Cited 3 times since 2019 (0.9 per year) source: EuropePMC Journal of cardiovascular electrophysiology, Volume 30, Issue 6, 29 5 2019, Pages 902-909 Optimizing ablation duration using dormant conduction to reveal incomplete isolation with the second generation cryoballoon: A randomized controlled trial. Keçe F, de Riva M, Naruse Y, Alizadeh Dehnavi R, Wijnmaalen AP, Schalij MJ, Zeppenfeld K, Trines SA
Efficacy of cryoballoon ablation depends on balloon-tissue contact and ablation duration. Prolonged duration may increase extracardiac complications. The aim of this study is to determine the optimal additional ablation duration after acute pulmonary vein isolation (PVI).
Consecutive patients with paroxysmal AF were randomized to three groups according to additional ablation duration (90, 120, or 150 seconds) after acute PVI (time-to-isolation). Primary outcome was reconnection/dormant conduction (DC) after a 30 minutes waiting period. If present, additional 240 seconds ablations were performed. Ablations without time-to-isolation <90 seconds, esophageal temperature <18°C or decreased phrenic nerve capture were aborted. Patients were followed with 24-hour Holter monitoring at 3, 6, and 12 months.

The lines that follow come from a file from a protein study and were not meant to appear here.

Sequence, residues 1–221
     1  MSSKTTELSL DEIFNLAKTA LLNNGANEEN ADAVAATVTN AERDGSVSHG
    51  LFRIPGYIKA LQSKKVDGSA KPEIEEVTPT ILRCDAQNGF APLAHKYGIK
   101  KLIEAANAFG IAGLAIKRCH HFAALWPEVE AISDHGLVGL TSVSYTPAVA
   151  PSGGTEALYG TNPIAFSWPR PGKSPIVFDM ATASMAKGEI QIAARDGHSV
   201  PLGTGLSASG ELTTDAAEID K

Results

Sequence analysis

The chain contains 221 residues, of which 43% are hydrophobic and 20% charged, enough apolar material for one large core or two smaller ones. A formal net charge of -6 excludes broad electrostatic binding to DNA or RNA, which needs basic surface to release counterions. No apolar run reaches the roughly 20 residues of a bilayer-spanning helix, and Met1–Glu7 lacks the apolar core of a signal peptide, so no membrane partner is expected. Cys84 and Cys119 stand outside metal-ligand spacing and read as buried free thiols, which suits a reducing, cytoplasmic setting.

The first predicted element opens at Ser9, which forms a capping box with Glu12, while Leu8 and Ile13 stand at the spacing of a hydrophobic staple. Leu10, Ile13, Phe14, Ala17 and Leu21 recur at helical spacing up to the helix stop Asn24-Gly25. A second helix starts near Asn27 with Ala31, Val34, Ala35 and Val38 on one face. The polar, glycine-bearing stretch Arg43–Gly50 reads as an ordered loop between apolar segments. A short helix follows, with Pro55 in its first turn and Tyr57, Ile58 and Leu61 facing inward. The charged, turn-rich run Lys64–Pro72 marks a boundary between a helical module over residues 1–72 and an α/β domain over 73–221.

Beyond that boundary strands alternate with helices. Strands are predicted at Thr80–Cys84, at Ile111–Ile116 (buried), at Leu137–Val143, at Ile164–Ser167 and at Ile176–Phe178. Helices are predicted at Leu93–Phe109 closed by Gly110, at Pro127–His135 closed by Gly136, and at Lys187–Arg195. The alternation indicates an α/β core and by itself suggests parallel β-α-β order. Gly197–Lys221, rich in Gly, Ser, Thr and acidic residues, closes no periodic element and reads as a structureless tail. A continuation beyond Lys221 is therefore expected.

Seventy-five study patients (60 ± 11 years, 48 male) were included. Reconnection/DC per vein significantly decreased (22%, 6% and 4%) while aborted ablations remained stable (respectively 4, 5, and 7%) among the 90, 120, and 150 seconds groups. A shorter cryo-application time, longer time-to-isolation, higher balloon temperature and unsuccessful ablations predicted reconnection/DC. Freedom of atrial fibrillation was, respectively, 52, 56, and 72% in 90, 120, and 150 seconds groups ( P = 0.27), while repeated procedures significantly decreased from 36% to 4% ( P = 0.041) in the longer duration group compared to shorter duration group (150 seconds vs 90 seconds group). In multivariate Cox-regression only reconnection/DC predicted recurrence.
Prolonging ablation duration after time-to-isolation significantly decreased reconnection/DC and repeated procedures, while recurrences and complications rates were similar. In a time-to-isolation approach, an additional ablation of 150 seconds ablation is the most appropriate.